Enter the art film as the vehicle of European cinematic modernism. “As cinema approached other modern arts… a special institutional practice of making films came into being: commercial art cinema.” To distinguish commercial art cinema from commercial entertainment movies and the avant-garde, respectively, Kovács prefers formal criteria to esthetics or intentionality. “When we speak of ‘art films’ as opposed to ‘commercial entertainment films,’ we are referring not to aesthetic qualities but to certain styles, narrative procedures….”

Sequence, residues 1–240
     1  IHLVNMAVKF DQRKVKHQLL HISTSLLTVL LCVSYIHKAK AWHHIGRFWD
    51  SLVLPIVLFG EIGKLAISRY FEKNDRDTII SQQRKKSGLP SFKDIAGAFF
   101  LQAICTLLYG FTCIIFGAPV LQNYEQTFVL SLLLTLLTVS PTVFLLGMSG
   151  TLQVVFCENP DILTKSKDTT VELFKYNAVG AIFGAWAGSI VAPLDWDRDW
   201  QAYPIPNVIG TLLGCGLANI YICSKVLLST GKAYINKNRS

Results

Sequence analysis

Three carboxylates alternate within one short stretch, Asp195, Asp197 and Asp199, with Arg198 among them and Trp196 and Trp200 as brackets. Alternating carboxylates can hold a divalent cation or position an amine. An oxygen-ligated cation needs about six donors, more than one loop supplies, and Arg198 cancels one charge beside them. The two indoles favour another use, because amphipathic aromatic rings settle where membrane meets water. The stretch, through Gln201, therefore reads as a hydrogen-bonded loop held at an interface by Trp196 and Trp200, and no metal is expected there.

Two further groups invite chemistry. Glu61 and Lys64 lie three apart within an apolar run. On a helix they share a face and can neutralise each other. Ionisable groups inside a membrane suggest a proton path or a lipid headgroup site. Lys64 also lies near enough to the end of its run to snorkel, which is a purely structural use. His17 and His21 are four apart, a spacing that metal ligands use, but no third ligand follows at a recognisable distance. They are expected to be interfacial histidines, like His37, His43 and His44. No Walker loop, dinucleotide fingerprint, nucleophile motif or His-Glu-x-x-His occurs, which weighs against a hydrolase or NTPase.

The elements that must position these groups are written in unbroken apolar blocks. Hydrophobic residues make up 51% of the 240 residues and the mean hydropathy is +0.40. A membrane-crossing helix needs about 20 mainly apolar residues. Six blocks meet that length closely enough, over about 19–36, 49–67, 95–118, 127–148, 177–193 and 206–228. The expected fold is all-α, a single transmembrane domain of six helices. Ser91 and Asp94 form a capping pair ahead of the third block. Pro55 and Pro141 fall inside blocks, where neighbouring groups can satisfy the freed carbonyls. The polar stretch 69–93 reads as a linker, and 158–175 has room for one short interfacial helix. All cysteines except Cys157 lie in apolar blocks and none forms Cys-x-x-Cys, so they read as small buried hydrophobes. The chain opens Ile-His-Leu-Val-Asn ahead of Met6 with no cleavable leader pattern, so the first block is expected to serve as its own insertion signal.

Having defined his art historical terms, his time frame, and his neoformalist approach in Part I, in Part II Kovács turns to modern cinema’s formal “procedures” per se “as they depict the main esthetic formal principles [of modernism]: abstraction, subjectivity, and reflexivity.” His method is descriptive, not normative, and minimally reductive. Drawing on 241films (charted by country and year in the book’s appendix), in seven chapters he maps the “basic formal variations of modern cinema in the 1960s and 1970s” in terms of “[n]arrative, genre, visual style, and general compositional principles.” Get out your pencil. In Part II, Kovács challenges readers accustomed to Chapter X – Country Y—Epoch Z accounts of film history to put aside geography and chronology in favor of formal criteria. Modernism, he reiterates, was an international movement that knew no extra-esthetic boundaries, a concept he demonstrates convincingly as he maneuvers freely across Western, Eastern, and Central Europe, with occasional side trips to Japan and the Americas.